02 June 2012

Heartache and headache

'Jurisprudence for Foxes' (Oxford Legal Studies Research Paper No. 22/ 2012) by Leslie Green -
contests Brian Simpson's claim that HLA Hart's book, The Concept of Law, is that of a 'hedgehog,' that is, a monistic thinker. It is not. Hart's work is pluralist both in its explanatory concepts and in its evaluative background. Some conjectures are offered as to why Simpson so misunderstood Hart, and as to why analytic legal philosophy is misunderstood, or distrusted, more generally.
Simpson argued that -
Hart’s general analysis of the structure of a legal system was not based on a prolonged study of complex legal arrangements, with a dawning awareness that beneath complexity there could be discerned simplicity ... Instead the simplicity he discerned existed in the very nature of things; given the fact, if that is what you call it, that the USA has a legal system, it follows that its legal system conforms to Hart’s simple model. This plainly identifies Hart as a hedgehog.
Green comments 
This is not just a classificatory comment; it is a criticism. Simpson distrusts simplicity, especially simplicity that ignores the contingent, local variability in law to which the historian or comparativist is sensitive. Perhaps he does not wholly reject the possibility that after ‘prolonged’ empirical inquiry we may be able to say some true and important things about law in general, but he thinks the odds are against it. And the notion that analytical jurisprudence might turn up anything of that sort he treats as utterly fanciful. ...
Some people find analytic jurisprudence impossibly boring. If Simpson was among their numbers he was hardly to blame; we all have limited sensibilities. Reflecting on his own life, David Hume wrote, ‘My studious disposition, my sobriety, and my industry, gave my family a notion that the law was a proper profession for me; but I found an insurmountable aversion to everything but the pursuit of philosophy and general learning….’ No doubt others have the opposite reaction. They are misguided only if they think this reflects badly on the subject that puts them off. Hume would never have drawn that inference: he knew that his ‘insurmountable aversion’ to the study of law was not a feature of the law but of his own outlook and dispositions.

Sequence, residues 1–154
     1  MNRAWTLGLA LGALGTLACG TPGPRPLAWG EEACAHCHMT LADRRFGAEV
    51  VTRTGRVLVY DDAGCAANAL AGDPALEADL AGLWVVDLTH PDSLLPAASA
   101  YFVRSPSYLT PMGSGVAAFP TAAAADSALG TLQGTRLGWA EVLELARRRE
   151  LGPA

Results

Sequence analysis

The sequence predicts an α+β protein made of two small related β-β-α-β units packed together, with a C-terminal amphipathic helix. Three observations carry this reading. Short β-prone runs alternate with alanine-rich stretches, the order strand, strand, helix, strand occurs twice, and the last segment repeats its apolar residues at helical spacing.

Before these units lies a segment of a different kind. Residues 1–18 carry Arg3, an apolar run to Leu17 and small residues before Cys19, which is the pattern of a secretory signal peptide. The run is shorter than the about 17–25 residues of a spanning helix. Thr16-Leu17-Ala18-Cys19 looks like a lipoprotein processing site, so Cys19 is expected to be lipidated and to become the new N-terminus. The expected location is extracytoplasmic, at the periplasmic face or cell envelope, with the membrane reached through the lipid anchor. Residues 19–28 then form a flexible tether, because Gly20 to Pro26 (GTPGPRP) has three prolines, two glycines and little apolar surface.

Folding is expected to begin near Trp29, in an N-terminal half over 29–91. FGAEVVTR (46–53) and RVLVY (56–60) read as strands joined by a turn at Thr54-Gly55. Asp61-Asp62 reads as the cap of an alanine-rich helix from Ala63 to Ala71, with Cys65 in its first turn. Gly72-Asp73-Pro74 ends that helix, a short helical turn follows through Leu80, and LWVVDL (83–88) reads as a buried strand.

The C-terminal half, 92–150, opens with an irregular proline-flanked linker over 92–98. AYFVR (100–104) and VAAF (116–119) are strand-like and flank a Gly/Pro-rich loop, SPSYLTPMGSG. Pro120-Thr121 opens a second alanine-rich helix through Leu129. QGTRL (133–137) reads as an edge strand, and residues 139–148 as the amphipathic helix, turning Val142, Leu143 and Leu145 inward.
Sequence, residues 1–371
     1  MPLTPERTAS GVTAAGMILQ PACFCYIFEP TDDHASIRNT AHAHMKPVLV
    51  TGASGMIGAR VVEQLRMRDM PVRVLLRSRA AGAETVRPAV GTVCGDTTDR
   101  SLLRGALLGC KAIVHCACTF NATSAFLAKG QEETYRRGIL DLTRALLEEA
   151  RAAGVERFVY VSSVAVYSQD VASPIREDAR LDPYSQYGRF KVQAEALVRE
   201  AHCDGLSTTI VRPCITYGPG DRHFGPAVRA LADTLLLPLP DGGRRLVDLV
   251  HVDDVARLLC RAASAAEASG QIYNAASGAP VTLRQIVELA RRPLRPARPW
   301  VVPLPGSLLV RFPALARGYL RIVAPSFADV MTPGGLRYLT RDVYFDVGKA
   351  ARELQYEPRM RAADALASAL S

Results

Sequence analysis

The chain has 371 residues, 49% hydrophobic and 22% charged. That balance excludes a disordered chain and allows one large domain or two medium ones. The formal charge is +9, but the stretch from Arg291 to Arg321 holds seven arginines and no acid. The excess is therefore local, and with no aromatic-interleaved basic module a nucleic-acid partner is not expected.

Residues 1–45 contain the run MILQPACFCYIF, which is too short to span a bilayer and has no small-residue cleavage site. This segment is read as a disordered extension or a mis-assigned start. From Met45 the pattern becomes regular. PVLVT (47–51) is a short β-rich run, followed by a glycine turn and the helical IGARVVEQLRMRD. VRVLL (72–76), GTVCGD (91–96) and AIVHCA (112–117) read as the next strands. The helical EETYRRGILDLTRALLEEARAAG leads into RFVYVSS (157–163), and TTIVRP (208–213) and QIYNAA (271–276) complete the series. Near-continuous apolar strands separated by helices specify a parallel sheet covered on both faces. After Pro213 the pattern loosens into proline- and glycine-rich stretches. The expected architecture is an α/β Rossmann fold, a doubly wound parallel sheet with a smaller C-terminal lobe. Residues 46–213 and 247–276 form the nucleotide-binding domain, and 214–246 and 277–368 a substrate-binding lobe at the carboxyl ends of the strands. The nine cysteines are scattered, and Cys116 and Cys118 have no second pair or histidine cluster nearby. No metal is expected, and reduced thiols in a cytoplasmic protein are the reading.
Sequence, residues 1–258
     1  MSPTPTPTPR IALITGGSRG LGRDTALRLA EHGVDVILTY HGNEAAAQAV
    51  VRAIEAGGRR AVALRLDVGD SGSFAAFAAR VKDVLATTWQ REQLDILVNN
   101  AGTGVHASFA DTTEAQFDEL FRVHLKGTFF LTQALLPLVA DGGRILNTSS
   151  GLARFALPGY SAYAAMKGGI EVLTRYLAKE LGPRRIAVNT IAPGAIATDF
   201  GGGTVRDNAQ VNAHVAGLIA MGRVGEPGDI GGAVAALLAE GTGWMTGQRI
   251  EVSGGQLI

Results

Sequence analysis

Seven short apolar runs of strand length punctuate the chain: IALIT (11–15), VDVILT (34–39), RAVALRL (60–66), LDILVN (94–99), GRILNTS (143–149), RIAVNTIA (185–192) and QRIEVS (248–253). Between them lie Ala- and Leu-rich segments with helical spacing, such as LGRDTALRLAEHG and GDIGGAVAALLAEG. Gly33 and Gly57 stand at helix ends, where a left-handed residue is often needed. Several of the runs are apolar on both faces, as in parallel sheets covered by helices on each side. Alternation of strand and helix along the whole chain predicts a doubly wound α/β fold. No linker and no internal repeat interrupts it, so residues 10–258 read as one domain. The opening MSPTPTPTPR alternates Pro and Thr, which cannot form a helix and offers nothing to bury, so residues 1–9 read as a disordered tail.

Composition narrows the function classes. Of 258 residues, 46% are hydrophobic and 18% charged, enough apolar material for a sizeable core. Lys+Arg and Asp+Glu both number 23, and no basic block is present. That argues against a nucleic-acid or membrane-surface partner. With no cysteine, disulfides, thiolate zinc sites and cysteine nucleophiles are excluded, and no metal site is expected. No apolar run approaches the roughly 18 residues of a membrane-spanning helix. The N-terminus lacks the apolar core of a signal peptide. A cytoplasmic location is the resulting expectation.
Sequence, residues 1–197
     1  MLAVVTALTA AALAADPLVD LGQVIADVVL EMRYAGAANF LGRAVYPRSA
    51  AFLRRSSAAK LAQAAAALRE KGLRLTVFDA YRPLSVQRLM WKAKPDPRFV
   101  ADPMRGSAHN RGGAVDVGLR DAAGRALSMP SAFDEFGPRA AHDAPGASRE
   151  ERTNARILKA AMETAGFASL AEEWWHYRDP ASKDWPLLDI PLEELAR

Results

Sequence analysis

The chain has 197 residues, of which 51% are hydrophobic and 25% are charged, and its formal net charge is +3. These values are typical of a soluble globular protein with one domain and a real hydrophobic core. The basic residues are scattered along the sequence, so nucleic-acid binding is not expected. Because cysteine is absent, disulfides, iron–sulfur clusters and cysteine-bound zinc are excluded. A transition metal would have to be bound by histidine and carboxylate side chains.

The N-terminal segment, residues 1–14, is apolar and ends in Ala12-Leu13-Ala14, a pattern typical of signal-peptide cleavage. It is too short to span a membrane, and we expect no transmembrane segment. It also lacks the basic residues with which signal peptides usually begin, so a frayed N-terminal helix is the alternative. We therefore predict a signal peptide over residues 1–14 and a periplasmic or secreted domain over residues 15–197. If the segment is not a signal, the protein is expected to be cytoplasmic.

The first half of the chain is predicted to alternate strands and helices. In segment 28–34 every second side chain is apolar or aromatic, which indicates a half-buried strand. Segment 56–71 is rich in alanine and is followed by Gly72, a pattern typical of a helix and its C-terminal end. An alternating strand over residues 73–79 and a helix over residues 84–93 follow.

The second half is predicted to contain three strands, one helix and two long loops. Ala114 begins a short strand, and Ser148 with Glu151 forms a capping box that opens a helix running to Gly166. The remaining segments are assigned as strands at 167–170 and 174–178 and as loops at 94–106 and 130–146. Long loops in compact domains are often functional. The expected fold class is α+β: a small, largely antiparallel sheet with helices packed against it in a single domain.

When I began studying jurisprudence in Oxford the worst we could say of a theoretical claim was that it was ‘confused’ or ‘false’. (A few preferred ‘pernicious’, but they were mostly the sort who held confused or false views.) Nowadays, a popular epithet of condemnation is ‘irrelevant’ or ‘boring’, especially among the practically-minded for whom a really interesting question is one a client might pay you to answer. Simpson reports, ‘In my own long experience as a teacher and to some modest extent a practitioner of law I have never once been asked the question “What is law?”(RCL, 80) Not only did no one ever ask him, he never felt moved to ask himself. ‘Why anyone should worry about this is beyond me…’ (RCL, 81) In all, the central questions of jurisprudence strike him as utterly boring. But as the old linguistic philosophers might have put it, ‘boring’ is not a simple predicate but a relational term, here tantamount to ‘I am bored by this,’ or maybe, ‘I don’t know how to get interested in this’—to which an acceptable reply might be, 'I’m so sorry.’
The important theses of Hart’s book are abstract and general, quite unlike the concrete and parochial facts that Simpson found fascinating and about which he wrote so well, especially in his stories of famous common-­law cases. All the same, Hart’s theses were manifestly not the expression of any kind of sweeping monism. Just the opposite: both his explanatory apparatus and his normative outlook are pluralistic. There are hedgehogs and foxes in every subject, in philosophy as much as in history. I find it sad to think that an aversion to philosophy may have made Simpson unable to recognize in Hart a fellow fox. If so, it may have made Simpson intellectually more lonely than he had to be. But then neither foxes nor hedgehogs are very social animals to begin with.
There's more analytical bite - as distinct from the prickle of hedgehog quills - in Mark Burton's 1997 'The Song Remains the Same: The Search for Interpretive Constraint and Rhetoric of Legal Theory in Hart and Hutchinson', 20(2) UNSW Law Journal, 407.